Seattle JT News • April 2008
The jar on the windowsill gleamed rosy red in the sunlight. Mesmerized, I reached out to touch it.
“Rossel,” my grandmother smiled. “Beets special for Passover.”
Years later, when I spied an identical jar on my cousin Eta’s windowsill, childhood memories came flooding back. Inside were the same beets covered by the same rosy bath that I remembered. I was not surprised. After all, Eta and my grandmother, Bessarabians both, prepared all the same traditional foods. But I was amused. Now, decades later in Israel, I had once again stumbled on the rossel of my youth.
In the old country, where many had root cellars, people would begin their Passover preparations as soon as they had put aside their Purim merriment. Farmers hauled in wagonloads of potatoes, the heavyweight staple of every Passover meal. Housewives, dreaming of light, golden sponge cakes, tucked a few eggs aside each time they made the rounds of their chicken roosts. After all, during Passover they would need scores of laboriously whipped egg whites to replace their usual leavening agent, sally-kally (ammonium bicarbonate). Like sally-kally, regular vinegar is also forbidden during the holiday. So these industrious housewives would prepare a kosher-for-Passover substitute from the humble beet.
Eta, who arrived in Israel after the Holocaust, is happy to share her recipe.
“A day or two after Purim, you peel your beets and cut them into quarters,” she spelled out. “Then you layer the quarters in a wide-mouthed jar and you add water up to the rim. After you cover the jar with cheesecloth, you stand it on a sunny windowsill. Then you wait.”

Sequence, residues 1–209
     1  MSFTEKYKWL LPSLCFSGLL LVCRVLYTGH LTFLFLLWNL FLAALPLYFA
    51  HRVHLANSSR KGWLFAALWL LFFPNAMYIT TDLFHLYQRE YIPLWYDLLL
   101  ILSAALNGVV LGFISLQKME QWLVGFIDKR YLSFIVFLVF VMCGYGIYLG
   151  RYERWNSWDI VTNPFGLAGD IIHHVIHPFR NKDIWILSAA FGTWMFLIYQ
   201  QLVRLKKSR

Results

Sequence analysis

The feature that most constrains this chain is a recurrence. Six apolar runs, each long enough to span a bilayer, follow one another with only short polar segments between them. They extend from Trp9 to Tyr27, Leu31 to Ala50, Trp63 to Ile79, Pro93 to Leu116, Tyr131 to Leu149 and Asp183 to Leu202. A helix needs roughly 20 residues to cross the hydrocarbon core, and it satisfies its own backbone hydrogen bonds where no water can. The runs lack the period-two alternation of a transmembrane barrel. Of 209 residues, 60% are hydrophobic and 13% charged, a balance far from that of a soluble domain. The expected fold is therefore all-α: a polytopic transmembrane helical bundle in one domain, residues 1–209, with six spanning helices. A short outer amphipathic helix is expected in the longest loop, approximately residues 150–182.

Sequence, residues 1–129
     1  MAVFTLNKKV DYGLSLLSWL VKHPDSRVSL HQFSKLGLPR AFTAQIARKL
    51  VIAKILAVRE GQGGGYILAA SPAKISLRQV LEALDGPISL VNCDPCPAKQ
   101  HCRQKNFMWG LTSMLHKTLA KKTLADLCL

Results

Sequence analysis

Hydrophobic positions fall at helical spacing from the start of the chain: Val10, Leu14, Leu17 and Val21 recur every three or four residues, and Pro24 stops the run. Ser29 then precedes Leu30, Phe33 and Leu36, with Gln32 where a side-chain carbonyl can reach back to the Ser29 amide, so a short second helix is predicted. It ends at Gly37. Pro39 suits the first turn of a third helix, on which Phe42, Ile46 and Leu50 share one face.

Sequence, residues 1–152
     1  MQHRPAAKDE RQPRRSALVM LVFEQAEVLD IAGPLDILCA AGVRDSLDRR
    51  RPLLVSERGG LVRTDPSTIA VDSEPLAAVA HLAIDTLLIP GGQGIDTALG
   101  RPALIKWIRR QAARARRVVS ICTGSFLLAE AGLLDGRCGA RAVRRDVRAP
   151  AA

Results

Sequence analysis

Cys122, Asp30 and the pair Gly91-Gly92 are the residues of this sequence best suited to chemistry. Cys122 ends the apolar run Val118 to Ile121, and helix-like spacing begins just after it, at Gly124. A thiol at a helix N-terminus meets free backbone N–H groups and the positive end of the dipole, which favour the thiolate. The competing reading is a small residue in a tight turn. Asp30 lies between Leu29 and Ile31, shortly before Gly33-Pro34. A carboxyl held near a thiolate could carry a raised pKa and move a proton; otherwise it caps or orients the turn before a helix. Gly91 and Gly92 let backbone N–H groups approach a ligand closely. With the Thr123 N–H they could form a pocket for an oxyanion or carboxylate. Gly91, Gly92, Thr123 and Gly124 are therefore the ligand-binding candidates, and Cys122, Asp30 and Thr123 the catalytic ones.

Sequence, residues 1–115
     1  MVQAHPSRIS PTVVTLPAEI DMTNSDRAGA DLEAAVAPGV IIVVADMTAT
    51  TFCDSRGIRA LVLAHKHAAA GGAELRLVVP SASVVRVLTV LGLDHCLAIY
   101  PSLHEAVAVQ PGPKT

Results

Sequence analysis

Two weeks later, she said, when a telltale white moldy layer begins to inch its way across its rosy surface, you can rest easy. Your beets are fermenting nicely.Exactly one month after Purim, it will be good, sour, and ready to use. Passover rossel.
So how does Eta use rossel? Wiping her hands on her apron, she explained. After grating some of the rossel beets, she mixes them with chopped meat, beaten eggs, and fried onion. Then she shapes the mixture into rosy-hued patties and fries them.
Red rossel patties are not only beautiful to behold but also meltingly tender, reports Aizic, a Bessarabian rossel maven.
“In our house,” he confided, “the rossel patties were always much lighter than our matzoh balls. Just remembering them makes my mouth water.”
If, after making the red patties, any rossel beets remain, Eta adds more water to her beet jar. Naturally, it ferments further. A few days later, she uses this prized soured beet juice to flavor yet another seasonal treat: A holiday version of that well-loved Russian staple, borscht. Eyes shining, Eta declares that her rossel borscht, garnished with a few sprigs of fresh dill and a dollop of sour cream, hits the spot.
Preparing rossel for Passover is second nature to Eta. After all, she’s made it for nearly a century. But tastes change as time goes by. Last year, because some of her guests demurred, she ended up throwing some away. So this year, for the first time, Eta is not making rossel at all. And her nieces, though they know how, are not making it either. Soeven in Israel, rosy rossel will soon be just a memory.